Geographic Tongue (Figure 1) is a condition of a unknown cause and is more prevalent among whites and blacks than Mexican Americans, and it is strongly associated with fissure tongue but is inversely associated with cigarette smoking. In a few patients, emotional stress may enhance the process. Geographic tongue has been associated, coincidentally, with several different conditions, including psoriasis, seborrheic dermatitis, Reiter’s syndrome, and atopy.
Psoriasis is a common, chronic, relapsing/remitting, immune-mediated systemic disease characterized by skin lesions including red, scaly patches, papules, and plaques, which usually itch. The skin lesions seen in psoriasis may vary in severity from minor localized patches to complete body coverage (Figure 2).
Seborrhoeic Dermatitis is a chronic, relapsing and usually mild dermatitis (inflammation of the skin). In infants seborrheic dermatitis is called cradle cap.
Seborrheic dermatitis (Figure 3) is an inflammatory skin disorder affecting the scalp, face, and torso. Typically, seborrheic dermatitis presents with scaly, flaky, itchy, and red skin. It particularly affects the sebaceous-gland-rich areas of skin. In adolescents and adults, seborrhoeic dermatitis usually presents as scalp scaling similar to dandruff or as mild to marked erythema of the nasolabial fold.
The topical antifungal medications ketoconazole and ciclopirox are both effective for the condition. It is unclear if other antifungals are equally effective as this has not been studied.
Reiter’s Syndrome or Reactive arthritis (Figure 4) is classified as an autoimmune condition that develops in response to an infection in another part of the body.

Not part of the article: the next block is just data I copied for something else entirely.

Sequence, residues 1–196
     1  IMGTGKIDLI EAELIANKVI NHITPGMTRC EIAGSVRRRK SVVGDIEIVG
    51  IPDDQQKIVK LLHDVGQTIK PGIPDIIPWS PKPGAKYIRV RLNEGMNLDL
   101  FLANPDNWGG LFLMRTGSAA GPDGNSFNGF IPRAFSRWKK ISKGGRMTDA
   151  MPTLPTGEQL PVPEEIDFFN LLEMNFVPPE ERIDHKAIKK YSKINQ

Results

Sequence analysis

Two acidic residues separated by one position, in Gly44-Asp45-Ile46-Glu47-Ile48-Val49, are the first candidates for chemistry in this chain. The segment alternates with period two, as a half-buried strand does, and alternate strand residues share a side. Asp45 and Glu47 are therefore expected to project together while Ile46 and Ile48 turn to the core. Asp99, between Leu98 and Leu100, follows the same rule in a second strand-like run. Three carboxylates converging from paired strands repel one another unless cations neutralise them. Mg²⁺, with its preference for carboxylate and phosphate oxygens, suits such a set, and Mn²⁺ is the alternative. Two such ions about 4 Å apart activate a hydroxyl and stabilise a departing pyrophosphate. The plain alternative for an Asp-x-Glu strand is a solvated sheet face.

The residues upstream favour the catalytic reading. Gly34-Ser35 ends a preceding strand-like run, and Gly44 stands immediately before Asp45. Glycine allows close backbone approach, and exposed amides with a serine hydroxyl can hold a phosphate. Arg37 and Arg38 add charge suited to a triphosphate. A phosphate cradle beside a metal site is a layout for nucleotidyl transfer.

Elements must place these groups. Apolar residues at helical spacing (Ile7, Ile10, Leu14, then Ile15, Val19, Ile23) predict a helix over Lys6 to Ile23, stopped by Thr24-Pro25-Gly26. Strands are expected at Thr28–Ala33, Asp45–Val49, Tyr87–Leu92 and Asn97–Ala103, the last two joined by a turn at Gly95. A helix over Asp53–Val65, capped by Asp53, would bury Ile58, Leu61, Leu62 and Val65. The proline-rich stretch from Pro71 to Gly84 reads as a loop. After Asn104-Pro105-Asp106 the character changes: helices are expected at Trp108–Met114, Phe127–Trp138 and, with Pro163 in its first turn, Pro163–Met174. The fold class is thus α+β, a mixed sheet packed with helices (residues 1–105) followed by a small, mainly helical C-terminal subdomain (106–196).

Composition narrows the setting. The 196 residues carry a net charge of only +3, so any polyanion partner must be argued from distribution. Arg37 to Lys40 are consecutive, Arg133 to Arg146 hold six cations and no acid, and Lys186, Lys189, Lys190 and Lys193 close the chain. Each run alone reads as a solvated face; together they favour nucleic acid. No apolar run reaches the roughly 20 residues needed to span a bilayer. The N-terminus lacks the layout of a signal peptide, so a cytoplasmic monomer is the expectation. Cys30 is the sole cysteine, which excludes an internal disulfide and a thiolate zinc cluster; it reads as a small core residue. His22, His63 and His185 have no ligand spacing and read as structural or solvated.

The arthritis often is coupled with other characteristic symptoms; this is called Reiter’s syndrome.
The manifestations of reactive arthritis include the following triad of symptoms: an inflammatory arthritis of large joints, inflammation of the eyes in the form of conjunctivitis or uveitis, and urethritis in men or cervicitis in women.
Atopy or atopic syndrome is a predisposition toward developing certain allergic hypersensitivity reactions. Atopy may have a hereditary component, although contact with the allergen must occur before the hypersensitivity reaction can develop (Figure 5).
- Clinical features
Geographic tongue is seen in approximately 2% of the U.S population and affects women slightly more often than men. It is more prevalent in the young, in nonsmokers, and in allergic or atopic individuals. Children between infancy and 10 years of age may be affected in up to 18% of cases. Geographic tongue is characterized initially by the presence of atrophic (waste away body tissue) patches surrounded by elevated keratotic (is a growth of whitish keratin on the skin or on mucous membranes) margins. The desquamated (come off in scales or flakes) areas appear red and maybe slightly tender (Figure 6 to 8).
When followed over a period of days or weeks, the pattern changes, appearing to move across the dorsum of the tongue. A strong association has been noted between geographic tongue and
fissured (plicated) tongue (Figure 9).
The significance of this association is unknown, although symptoms may be more common when fissured tongue is present, presumably because of secondary fungal infection in the base of the fissures.
Rarely, similar alterations have been described in the floor of the mouth, the buccal mucosa, and the gingiva. Red atrophic lesions and white keratotic margins mimic the lingual counterparts.
Although most patients with geographic tongue are asymptomatic, patients occasionally report irritation or tenderness, especially in relation to the consumption of spicy foods and alcoholic beverages. The severity of symptoms varies over time and is often an indicator of the intensity of lesional activity. Lesions periodically disappear and recur for no apparent reason.
- Differential Diagnosis (is the distinguishing of a particular disease or condition from others that present similar symptoms)
Based on clinical appearance, geographic tongue is usually diagnostic. Only rarely might a biopsy be required for a definitive diagnosis. In equivocal cases, clinical differential diagnosis might include candidiasis, leukoplakia, lichen planus, and lupus erythematosus.